We are just finishing up what could be described as our own personal city-spawned festival season, having had Grease Festival, Fiddlers’ Convention and Storytellers’ Festival, just about back to back. Each has brought much joy, (and thankfully some money as well,) to Athens, and now we are gearing up for the Veterans’ Day Parade, then all that comes our way with Thanksgiving and Christmas.
Why is this stuff important? In the Strategies section of Gary McCaleb’s book, The Gift Of Community, celebrations are discussed as an important part of what makes a city a community. The following is part of that commentary:
“There are a lot of things wrong in our cities today-but there are a lot of things right. Elected officials and non-elected leaders in every area of the city have a responsibility to plan regularly for celebrations. Parades, festivals, sporting events, and concerts are just some of the ways a city celebrates. And these celebrations don’t always have to be big and expensive.”
We talked about the fact that we are all guilty of “running too fast, too hard,” as Mayor Ronnie puts it, and if we don’t take the time to celebrate things as a city, and more importantly, as individual families, we can find ourselves in a position of becoming individual and corporate human structures that are sorely lacking in humanity.
Speaking of celebrating, recently the Mayor had a “six degrees of separation” moment that brought him more than one source of personal joy. He was at a conference, and, as he always enjoys, was making a point of getting to know new people around him who were also conferees. As a football fan, Ronnie was well aware of the NFL career of a fellow named Rocky Bleier, who played for the Packers during the Terry Bradshaw era, and Rocky was in attendance at the conference. That alone was a reason to celebrate, and then it got better.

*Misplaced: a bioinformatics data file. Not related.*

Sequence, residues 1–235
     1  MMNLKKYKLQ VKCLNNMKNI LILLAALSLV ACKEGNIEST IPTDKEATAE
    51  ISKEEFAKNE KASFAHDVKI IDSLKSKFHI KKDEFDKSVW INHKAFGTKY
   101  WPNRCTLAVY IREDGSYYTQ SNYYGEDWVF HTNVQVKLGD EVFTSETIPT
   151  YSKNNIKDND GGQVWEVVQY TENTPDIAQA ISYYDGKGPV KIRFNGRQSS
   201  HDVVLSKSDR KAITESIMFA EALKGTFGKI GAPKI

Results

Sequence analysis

It turns out that Rocky and Ronnie were in Vietnam at the same time, and while they never met, Ronnie’s unit supported Rocky’s. “Rocky got shot up,” he told me, “and no one expected him to ever walk again.” The fact that he not only went on to walk, but to play football, was a source of inspiration to the Mayor, and to find out that they were essentially comrades in arms was yet another reason to celebrate.
One of the things I have come to celebrate about my own personal version of “Mondays With Ronnie” is getting a chance to hear his stories. While most of the time they are just very funny, sometimes there is a moral to the story that is a great take away. This one goes back to his days as a student at UNA, when he was at an establishment on the Alabama/Florida border, waiting for the music to begin. Out of nowhere a very large motorcycle gang came in, and basically tried to take over the place. One guy came up to Ronnie and said, “Can I have this table?” Our Mayor then turned the tables, and more than just symbolically. He looked the biker in the eye and said, “No, you can’t have this table, but I’d love to have you join me. Pull up a chair.” The biker was probably not used to someone cheerfully refusing to be bullied, let alone using the pending celebration to disarm him. Oh, and the celebration? Bonnie Raitt took the stage, the rest, as they say, is history, and celebrating is one of the things that makes Ronnie roll.
By: Ali Elizabeth Turner